‘Dark forces of intelligent design and creationism are seeking to ban evolution from public schools and then force their religious beliefs into the science classroom. We must stand against censorship and religious agendas, so we must fight their agenda at any cost. Stand with us, the guardians of freedom of thought and the First Amendment.’

That is a fair description the creationists’ ultimate goal, but it’s not what they’re doing today in Tennessee. The Discoveroids know they have to proceed in a step-by-step manner to achieve what they want — full-blown theocracy. Creationists’ earlier efforts to ban evolution (in Tennessee) weren’t successful, and their attempts for “equal time” laws have also failed. So for the moment they’re doing only what they think they can get away with — until they’re able to go further. Observe that by stating the pro-science position as he does, Casey tries to make it seem wildly overblown.

What does Casey say in response to his strawman version of the “extreme” position of his opponents? He handles it the same way we’ve seen Discoveroids handle such situations in the past. In Discovery Institute — Deny, Deny, Deny! we described their tactic. At that time they invented this strawman version of their opponents’ argument:

There are people who apparently have a deep-seated need to believe that Intelligent Design proponents are really creationists in disguise, and that once they have control over the nation’s schools … they will proceed to outlaw any mention of evolution in schools, and will execute plans that involve, among other things, taking students on weekly field trips to Ken Ham’s Creation Museum in Petersburg, Kentucky.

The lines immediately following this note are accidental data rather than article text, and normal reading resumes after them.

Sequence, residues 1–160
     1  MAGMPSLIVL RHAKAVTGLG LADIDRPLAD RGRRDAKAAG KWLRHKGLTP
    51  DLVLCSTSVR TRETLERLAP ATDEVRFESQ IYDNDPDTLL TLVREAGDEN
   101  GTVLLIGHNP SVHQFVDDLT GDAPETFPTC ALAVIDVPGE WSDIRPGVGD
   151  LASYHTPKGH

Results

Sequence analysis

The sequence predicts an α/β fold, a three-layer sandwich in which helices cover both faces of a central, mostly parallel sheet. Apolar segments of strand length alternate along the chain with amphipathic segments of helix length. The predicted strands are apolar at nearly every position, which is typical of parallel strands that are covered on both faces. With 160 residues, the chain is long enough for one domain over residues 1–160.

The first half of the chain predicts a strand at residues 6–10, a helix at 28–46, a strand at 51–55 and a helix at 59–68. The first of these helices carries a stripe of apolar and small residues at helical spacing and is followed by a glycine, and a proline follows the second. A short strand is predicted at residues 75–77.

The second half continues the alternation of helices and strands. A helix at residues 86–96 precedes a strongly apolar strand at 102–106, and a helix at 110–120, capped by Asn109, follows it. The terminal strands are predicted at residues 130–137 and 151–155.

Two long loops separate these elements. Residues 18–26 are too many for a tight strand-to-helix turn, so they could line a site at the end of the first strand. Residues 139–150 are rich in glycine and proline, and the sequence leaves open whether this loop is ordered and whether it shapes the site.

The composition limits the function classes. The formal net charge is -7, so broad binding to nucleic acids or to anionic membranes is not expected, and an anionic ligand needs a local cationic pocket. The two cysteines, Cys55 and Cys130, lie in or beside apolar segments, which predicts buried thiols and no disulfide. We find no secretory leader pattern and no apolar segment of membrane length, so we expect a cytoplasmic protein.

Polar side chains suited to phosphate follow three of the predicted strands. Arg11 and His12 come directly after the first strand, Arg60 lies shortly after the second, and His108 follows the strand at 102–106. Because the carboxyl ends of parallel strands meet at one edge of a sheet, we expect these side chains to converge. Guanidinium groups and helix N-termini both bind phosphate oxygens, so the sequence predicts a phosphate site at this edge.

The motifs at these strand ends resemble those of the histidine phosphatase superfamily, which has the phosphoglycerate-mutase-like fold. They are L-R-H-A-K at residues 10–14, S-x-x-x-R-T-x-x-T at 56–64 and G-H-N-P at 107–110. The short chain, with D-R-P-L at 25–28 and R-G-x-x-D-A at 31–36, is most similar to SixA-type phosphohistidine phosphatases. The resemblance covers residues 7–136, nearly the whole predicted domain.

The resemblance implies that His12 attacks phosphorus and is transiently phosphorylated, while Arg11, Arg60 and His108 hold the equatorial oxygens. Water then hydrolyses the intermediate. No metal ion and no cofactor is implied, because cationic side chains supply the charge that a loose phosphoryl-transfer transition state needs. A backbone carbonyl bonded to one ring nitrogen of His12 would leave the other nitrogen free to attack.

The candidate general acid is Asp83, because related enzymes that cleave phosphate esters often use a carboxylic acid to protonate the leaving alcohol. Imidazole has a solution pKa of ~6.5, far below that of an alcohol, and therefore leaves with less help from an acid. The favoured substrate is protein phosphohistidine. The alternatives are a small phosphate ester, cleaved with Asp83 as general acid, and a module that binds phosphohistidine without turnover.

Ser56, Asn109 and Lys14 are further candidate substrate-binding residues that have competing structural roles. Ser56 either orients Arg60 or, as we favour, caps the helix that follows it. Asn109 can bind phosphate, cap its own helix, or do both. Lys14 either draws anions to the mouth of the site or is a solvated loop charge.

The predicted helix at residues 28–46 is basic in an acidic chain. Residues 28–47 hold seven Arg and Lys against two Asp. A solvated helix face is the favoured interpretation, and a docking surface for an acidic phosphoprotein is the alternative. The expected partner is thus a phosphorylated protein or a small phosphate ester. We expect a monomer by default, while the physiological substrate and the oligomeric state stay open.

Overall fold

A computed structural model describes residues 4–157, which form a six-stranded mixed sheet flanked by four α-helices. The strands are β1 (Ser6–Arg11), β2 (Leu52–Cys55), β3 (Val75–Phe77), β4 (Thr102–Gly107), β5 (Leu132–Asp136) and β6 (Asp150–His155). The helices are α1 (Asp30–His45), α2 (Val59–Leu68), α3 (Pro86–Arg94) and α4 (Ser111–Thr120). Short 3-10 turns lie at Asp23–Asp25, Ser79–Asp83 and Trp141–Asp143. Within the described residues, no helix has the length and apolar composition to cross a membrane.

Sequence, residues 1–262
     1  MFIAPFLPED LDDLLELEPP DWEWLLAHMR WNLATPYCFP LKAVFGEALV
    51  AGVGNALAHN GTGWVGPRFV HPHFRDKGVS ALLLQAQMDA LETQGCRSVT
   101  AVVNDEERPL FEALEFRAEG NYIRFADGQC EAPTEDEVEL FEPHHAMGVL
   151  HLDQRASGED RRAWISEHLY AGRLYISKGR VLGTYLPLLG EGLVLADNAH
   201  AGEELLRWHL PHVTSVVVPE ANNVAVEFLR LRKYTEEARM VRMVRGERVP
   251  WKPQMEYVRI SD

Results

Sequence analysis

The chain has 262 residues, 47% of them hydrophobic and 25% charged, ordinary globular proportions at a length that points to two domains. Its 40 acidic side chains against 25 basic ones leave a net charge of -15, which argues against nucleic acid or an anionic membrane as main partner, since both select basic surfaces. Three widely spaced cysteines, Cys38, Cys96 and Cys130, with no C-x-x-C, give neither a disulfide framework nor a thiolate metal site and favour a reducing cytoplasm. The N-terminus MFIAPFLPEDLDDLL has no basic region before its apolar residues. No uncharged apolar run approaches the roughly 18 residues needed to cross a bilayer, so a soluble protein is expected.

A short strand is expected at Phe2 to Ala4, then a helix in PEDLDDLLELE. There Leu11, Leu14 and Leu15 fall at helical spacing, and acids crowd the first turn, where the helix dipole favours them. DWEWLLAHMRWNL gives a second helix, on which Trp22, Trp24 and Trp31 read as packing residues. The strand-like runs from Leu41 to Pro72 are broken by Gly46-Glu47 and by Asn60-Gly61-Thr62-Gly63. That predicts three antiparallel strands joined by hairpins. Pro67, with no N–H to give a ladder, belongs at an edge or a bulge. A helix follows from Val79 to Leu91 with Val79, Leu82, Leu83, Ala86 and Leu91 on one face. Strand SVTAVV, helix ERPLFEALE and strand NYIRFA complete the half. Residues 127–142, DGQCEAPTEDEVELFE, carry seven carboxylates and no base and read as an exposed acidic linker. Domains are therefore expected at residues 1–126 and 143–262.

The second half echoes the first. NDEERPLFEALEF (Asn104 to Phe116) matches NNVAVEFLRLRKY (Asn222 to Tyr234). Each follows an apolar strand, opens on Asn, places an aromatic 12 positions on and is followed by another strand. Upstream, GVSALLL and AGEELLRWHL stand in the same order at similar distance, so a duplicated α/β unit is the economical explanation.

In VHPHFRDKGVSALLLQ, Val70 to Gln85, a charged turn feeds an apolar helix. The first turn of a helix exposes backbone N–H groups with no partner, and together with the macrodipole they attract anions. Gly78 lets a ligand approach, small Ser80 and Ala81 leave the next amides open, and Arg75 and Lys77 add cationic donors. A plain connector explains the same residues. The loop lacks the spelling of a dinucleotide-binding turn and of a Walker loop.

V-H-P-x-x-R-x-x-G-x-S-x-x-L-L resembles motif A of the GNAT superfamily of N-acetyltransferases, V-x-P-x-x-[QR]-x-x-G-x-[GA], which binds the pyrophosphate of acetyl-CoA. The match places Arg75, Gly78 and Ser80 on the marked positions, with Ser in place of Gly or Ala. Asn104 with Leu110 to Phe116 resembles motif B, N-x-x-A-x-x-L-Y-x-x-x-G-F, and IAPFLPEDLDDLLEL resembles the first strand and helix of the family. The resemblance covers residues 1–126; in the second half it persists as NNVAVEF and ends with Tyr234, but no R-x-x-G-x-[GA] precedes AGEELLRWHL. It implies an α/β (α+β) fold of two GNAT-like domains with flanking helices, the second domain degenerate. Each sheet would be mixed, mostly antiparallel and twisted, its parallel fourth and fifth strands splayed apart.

The Discoveroids then “rebutted” that exaggerated description by dwelling on trivia as a distraction, and then they just waived the whole thing away as a fantasy. We described the technique like this:

What’s really interesting about this Discoveroid article is their tactic of openly declaring the full truth of their motivations, but thinly disguising it as an absurdity that only their misguided adversaries believe. Yes — how ridiculous that the Discoveroids might actually be promoting an anti-science agenda!

That’s exactly what Casey is doing again. He vigorously denies that the Discoveroids want to ban the teaching of evolution. Well, duh! He’s the only one who raised the point, so it’s easy enough for him to dismiss. But in doing that, he tries to give the impression that he’s defeated all the arguments against the Discoveroids’ “academic freedom” campaign. Sorry, Casey. Although you may win in Tennessee as you did in Louisiana, no one with a brain is buying your argument.

Anyway, dear reader, look for this kind of nonsense during the coming battle over creationism in Tennessee.

Copyright © 2011. The Sensuous Curmudgeon. All rights reserved.

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8 responses to “Casey’s Creationist Talking-Points for Tennessee

  1. My favorite Discovery moment of all time, immortalized on video, was when Mark Ryland, an officer of the Disco Tute, denied that the DI had ever promoted teaching ID in schools. Then, Richard Thompson of the Thomas More Law Center who defended the board at Kitzmiller opened his briefcase, pulled out a copy of the very document and said, “That’s not true. Here it is!”

    Ryland and the Disco Tute were screwed, blued and tattooed by their own kind. Irony is a hard mistress.